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April 29, 1977 - Image 15

Resource type:
Text
Publication:
The Detroit Jewish News, 1977-04-29

Disclaimer: Computer generated plain text may have errors. Read more about this.

Friday, April 29, 1977 15

THE DETROIT JEWISH NEWS

Shaky Ground

Schocken Book Guides Parents
`When Children Ask About God'

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By ALAN HITSKY
Harold S. Kushner, in his
new paperback. When Chil-
dren Ask About God - (Scho-
cken Books), combines
Judaism and child psycholo-
gy in a simple, 176-page
book that is frankly aimed
at the parent, not the child.
Rabbi Kushner, a gradu-
ate of the Jewish Theologi-
cal Seminary of America.
asks at the outset, "What
can a modern adult believe
about God in his own mind,
before he tries to convey
his belief to his child?"
His aim is to make each
adult think through his own
religious beliefs—and the
standard phrases and termi-
nology which may. in fact.
give a false meaning—be-
fore a child asks a question.
Rabbi Kushner warns,
"Our task during (a child's
early) years will be partly
to compromise with their
limitations and withhold an-
swers until the children are
ready for them and partly
to introduce them to the ab-
stract idea of God as a
Power that makes things
possible in the most con-
crete terms we can—such
as the growth of a flower,
the healing of a bruise, the
'smiling inside' feeling of
gratitude or self-satisfac-
tion.
"Above all, never let us
be afraid to say to our chil-
dren: That is a very diffi-
cult question. People have
been trying to answer it for
a long time, and they are
not sure they know all the
answers there are for it.
Let me try to answer it as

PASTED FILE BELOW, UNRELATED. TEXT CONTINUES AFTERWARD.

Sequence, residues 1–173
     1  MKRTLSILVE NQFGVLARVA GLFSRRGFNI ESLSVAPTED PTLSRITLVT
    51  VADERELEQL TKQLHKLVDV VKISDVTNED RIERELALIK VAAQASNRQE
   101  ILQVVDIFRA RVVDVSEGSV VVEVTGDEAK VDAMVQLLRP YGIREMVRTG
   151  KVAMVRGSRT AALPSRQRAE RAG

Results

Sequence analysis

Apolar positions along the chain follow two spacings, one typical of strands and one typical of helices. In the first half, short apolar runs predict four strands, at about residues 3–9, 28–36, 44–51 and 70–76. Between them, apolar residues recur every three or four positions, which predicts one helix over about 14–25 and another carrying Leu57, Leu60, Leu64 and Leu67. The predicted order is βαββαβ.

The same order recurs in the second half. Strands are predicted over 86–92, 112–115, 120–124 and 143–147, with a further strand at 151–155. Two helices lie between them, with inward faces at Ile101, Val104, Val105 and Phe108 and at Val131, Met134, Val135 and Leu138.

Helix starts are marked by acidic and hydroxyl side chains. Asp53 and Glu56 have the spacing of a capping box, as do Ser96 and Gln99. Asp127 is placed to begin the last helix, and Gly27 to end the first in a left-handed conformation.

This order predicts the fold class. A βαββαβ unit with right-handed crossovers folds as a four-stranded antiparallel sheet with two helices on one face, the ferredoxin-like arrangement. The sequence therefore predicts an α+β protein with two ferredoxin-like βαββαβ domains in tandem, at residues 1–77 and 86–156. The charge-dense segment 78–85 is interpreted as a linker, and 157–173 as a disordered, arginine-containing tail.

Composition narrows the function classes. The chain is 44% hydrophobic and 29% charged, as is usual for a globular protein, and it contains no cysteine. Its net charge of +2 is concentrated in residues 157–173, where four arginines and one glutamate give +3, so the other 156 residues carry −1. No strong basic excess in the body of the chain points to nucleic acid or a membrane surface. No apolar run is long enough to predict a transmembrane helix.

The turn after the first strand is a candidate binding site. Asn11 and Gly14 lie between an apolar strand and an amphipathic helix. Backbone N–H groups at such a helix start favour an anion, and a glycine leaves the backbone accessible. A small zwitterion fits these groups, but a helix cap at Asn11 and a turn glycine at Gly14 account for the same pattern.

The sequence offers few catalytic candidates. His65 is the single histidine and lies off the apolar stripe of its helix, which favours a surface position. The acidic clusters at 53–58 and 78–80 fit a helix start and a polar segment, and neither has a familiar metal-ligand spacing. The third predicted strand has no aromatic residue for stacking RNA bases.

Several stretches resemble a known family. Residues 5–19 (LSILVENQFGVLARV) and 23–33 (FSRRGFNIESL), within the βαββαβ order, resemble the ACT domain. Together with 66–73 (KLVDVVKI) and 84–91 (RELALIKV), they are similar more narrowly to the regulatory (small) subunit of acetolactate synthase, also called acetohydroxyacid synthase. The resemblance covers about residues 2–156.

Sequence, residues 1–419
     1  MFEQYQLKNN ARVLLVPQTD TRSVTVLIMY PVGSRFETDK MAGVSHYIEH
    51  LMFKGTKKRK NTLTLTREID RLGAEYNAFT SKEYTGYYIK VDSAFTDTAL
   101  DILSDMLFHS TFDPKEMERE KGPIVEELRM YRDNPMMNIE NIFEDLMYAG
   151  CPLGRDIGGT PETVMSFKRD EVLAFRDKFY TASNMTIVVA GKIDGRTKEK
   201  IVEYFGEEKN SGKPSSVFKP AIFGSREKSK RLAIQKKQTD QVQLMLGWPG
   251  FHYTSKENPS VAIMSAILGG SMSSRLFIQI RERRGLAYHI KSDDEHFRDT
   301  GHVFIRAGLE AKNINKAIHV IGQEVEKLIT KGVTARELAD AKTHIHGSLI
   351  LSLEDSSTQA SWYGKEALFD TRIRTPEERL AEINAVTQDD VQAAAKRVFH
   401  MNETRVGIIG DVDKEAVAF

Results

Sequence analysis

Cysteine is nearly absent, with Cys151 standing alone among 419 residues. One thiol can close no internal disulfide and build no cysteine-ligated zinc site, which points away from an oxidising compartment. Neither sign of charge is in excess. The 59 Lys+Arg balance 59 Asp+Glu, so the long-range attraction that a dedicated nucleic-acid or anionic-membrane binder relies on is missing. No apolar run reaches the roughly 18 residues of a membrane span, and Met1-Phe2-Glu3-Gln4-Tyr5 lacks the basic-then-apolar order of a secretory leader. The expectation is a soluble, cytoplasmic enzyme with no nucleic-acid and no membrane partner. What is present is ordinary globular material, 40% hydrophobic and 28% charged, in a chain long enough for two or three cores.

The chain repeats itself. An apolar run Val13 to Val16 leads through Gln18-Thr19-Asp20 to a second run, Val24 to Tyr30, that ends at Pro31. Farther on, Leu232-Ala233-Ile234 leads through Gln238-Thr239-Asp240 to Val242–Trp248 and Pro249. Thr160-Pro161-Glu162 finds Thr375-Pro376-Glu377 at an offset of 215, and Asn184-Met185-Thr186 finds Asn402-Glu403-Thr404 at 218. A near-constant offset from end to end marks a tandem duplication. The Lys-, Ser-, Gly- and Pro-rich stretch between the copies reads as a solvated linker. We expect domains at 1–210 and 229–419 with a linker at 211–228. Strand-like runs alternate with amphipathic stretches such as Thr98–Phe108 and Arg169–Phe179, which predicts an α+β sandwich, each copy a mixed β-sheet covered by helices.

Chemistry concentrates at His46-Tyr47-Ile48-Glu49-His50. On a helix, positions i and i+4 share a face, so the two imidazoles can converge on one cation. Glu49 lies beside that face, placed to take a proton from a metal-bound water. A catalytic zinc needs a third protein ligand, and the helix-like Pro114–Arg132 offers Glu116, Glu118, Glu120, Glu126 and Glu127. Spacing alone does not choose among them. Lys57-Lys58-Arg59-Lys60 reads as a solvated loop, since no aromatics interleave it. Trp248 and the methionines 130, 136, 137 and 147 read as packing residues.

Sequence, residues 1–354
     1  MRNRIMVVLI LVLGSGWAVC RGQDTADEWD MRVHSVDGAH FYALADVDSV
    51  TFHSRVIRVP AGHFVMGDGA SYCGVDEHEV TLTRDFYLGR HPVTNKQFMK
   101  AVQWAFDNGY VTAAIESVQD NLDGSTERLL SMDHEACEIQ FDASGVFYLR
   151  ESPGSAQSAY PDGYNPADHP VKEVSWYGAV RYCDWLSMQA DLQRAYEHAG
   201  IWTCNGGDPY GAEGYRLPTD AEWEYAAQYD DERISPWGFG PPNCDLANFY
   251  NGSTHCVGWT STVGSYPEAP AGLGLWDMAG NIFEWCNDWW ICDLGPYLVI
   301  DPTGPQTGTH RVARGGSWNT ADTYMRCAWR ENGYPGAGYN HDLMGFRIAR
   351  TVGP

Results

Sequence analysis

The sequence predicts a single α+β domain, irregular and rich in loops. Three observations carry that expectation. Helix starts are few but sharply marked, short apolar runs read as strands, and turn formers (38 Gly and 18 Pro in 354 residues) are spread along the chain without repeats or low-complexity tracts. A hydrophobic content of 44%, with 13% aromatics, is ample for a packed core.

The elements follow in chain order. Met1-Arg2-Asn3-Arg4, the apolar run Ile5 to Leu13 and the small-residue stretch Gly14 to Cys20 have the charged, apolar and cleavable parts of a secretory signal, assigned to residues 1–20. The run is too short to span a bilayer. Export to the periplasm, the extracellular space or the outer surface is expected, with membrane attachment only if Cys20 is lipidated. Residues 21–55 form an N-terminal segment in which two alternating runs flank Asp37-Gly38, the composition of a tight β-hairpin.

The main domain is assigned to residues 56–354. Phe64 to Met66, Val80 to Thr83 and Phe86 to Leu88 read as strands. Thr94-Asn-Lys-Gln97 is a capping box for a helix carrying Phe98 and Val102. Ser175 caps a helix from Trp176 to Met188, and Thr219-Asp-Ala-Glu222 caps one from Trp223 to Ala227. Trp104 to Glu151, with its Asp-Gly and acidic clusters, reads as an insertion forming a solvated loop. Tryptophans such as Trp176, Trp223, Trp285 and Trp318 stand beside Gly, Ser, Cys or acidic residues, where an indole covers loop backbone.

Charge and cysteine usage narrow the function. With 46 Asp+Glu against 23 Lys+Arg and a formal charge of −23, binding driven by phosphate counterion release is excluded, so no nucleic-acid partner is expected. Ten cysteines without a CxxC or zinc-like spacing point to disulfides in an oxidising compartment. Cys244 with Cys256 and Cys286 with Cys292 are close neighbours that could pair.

best as I can, but you prob-
ably won't understand it all
until you're older.' "
At about the age of 10,
Rabbi Kushner says, a
child begins to outgrow his
childish conception of God
as a su?erperson, and begin
to thin; in terms of right
and wrong.
At this point a parent's an-
swers take on more mean- .
ing as the child will try to
sort through the theological
baggage that he has ac-
cumulated over several
years of asking questions
and hearing stories. At this

point he is' aware of con-
tradictions and impossibi-
lities.
Major topics of discussion
in the book include "Don't
Blame God for 'Acts of
God' "God and the
Bible," the Vocabulary of
Religion," and "Some Af-
firmative Ways of Meeting
God."
Rabbi Kushner discusses
in plain language the ways
to answer the science vs.
Bible controversy, why God
"makes bad people, - "For
What Can We Pray'? - and
numerous other topics. For
example:
A little girl falls and
skins her knee after dis-
obeying her mother's warn-
ing not to stray too far. The
mother says, "God is pun-
ishing you for not listening
to your mother. - And
Rabbi Kushner asks if we
really believe—or do we
want our children to be-
lieve—in a God who has
nothing better to do than
trip a little girl on the play-
ground?
The rabbi discusses
death. the "miraculous"
safety of one or another
when others are harmed,
and other - acts of God"
and puts them in the proper
perspective of natural
causes and chance. He
gives a more realistic reli-